Hastings full-year operating profit jumps 39 percent

(Reuters) - British insurer Hastings Group Holdings Plc reported a 39 percent jump in full-year adjusted operating profit, as it provided insurance to more customers and increased its market share.

The company, which mainly operates in the UK motor market, said adjusted operating profit rose to 184.1 million pounds for 2017 from 132.1 million pounds a year earlier.

Gross written premiums rose 21 percent to 930.8 million pounds.

“The competitive environment continues to be intense, with slower premium inflation since the end of the third quarter than that experienced in the first half of 2017 following the proposed Ogden rate review,” said Gary Hoffman, the company’s non-executive chairman designate, referring to the change in the way personal injury lump-sum payments are calculated.

Hastings said it would pay a final dividend of 8.5 pence per share and total dividend of 12.6 pence for 2017.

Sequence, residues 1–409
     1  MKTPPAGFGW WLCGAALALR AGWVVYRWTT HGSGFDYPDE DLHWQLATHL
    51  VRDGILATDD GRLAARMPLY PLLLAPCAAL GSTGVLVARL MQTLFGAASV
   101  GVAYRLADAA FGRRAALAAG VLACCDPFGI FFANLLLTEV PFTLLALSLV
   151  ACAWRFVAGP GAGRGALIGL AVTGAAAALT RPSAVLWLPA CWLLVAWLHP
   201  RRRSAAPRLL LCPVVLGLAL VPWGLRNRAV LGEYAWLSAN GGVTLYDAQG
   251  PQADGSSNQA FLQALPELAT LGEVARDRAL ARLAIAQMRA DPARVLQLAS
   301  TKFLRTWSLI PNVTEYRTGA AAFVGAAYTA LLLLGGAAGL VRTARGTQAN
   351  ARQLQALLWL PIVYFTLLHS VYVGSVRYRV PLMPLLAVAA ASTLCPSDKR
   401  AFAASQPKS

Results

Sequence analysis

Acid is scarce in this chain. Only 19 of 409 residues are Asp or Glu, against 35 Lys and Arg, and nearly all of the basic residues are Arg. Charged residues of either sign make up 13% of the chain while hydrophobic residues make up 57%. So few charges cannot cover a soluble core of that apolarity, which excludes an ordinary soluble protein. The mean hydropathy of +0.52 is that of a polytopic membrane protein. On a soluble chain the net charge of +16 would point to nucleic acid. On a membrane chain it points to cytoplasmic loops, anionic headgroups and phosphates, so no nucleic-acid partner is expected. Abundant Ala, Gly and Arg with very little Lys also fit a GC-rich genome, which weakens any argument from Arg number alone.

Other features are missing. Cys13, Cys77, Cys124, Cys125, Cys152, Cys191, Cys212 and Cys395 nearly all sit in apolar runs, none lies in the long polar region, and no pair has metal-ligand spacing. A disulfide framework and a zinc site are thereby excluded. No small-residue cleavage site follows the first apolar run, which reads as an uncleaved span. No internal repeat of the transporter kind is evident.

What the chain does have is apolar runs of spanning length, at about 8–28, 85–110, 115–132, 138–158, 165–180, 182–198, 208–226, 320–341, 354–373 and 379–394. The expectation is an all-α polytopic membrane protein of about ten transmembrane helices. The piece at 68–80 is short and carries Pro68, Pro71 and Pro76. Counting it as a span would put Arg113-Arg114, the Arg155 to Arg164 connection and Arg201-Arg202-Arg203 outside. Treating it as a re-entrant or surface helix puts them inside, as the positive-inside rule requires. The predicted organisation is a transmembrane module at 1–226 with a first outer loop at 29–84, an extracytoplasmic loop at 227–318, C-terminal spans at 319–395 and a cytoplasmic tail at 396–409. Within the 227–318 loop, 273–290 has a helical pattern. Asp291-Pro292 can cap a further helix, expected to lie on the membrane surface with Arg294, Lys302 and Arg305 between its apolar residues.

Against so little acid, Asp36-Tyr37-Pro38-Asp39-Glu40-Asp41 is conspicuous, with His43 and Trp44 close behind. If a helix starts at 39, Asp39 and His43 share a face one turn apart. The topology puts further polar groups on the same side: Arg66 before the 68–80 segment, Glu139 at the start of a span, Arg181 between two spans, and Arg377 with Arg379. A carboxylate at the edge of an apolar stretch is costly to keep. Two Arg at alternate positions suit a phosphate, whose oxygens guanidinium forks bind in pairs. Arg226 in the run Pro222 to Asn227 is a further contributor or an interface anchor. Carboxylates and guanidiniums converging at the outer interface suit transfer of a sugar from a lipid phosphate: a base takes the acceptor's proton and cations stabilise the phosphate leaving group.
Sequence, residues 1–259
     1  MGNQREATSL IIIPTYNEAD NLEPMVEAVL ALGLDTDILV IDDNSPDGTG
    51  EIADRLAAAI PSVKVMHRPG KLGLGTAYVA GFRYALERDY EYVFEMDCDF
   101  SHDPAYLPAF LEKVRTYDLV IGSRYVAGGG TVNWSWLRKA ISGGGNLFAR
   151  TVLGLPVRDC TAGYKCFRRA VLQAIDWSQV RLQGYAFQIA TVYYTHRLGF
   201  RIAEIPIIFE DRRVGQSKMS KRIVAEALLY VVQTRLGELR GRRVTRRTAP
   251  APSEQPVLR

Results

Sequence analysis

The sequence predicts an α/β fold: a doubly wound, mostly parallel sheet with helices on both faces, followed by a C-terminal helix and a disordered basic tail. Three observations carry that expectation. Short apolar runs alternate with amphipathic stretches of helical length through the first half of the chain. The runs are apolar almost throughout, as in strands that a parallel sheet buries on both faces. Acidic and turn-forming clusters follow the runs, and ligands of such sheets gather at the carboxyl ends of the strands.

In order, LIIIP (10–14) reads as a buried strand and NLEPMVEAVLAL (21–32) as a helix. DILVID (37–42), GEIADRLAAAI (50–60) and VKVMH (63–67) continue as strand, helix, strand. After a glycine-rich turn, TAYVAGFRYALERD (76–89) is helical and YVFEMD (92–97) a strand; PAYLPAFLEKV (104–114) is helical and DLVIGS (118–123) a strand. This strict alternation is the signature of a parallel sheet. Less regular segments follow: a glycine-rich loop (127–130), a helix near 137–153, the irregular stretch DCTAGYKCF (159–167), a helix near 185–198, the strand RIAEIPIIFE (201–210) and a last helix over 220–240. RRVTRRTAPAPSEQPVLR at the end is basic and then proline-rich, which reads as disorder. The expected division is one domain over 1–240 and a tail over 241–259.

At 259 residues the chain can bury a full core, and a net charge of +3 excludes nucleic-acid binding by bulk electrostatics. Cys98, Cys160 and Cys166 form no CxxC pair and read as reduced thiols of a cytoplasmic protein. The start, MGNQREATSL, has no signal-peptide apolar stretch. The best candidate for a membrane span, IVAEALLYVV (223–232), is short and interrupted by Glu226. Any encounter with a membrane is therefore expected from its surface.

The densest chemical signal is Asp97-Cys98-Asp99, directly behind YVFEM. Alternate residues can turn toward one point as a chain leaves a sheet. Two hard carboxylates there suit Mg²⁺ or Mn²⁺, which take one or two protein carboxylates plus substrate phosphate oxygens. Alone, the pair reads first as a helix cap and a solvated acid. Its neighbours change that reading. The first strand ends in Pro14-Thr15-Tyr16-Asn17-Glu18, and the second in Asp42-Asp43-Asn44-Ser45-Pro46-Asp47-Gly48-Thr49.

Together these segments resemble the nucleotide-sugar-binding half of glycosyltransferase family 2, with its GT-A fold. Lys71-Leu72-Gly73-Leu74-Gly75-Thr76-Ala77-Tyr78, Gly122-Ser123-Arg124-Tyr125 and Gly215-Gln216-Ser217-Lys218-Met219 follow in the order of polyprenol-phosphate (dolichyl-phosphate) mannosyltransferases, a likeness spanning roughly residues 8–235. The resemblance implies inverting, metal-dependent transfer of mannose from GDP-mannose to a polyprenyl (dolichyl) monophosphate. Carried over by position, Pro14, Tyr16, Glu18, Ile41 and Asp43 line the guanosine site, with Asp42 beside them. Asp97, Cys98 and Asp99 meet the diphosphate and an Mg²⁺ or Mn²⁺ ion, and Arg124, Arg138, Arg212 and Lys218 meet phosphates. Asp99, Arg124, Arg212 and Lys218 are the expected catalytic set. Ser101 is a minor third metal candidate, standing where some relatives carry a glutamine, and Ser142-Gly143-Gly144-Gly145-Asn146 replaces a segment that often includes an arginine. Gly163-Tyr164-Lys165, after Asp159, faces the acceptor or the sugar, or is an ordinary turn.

The combined ratio improved to 87 percent from 91.3 percent a year earlier, indicating that Hastings is not growing at the expense of profitability, Barclays analysts said. A level below 100 percent indicates a profit.

Hastings, which listed on the London stock Exchange in 2015, offers private car insurance, home insurance, motorbike and van insurance and premium financing and ancillary products.

The company’s live customer policies rose 13 percent to 2.64 million by the end of December.

Hastings has made headway in a competitive sector by focusing on selling motor insurance via price comparison websites.

Companies such as Admiral, Direct Line and esure also provide motor insurance in Britain.

A rise in vehicle repair costs, higher property damage claims per party and higher mid-range bodily injury claims have been driving up claims inflation, in turn pushing premium rates higher.

The average premium paid for motor insurance in Britain jumped 9 percent in 2017 to the highest level since 2012, data from the Association of British Insurers show.

However, premiums fell over the past two quarters after Britain said it planned to change the way personal injury lump sum payments are calculated, a move which would cut the size of those payments.

Reporting by Noor Zainab Hussain in Bengaluru; Editing by Amrutha Gayathri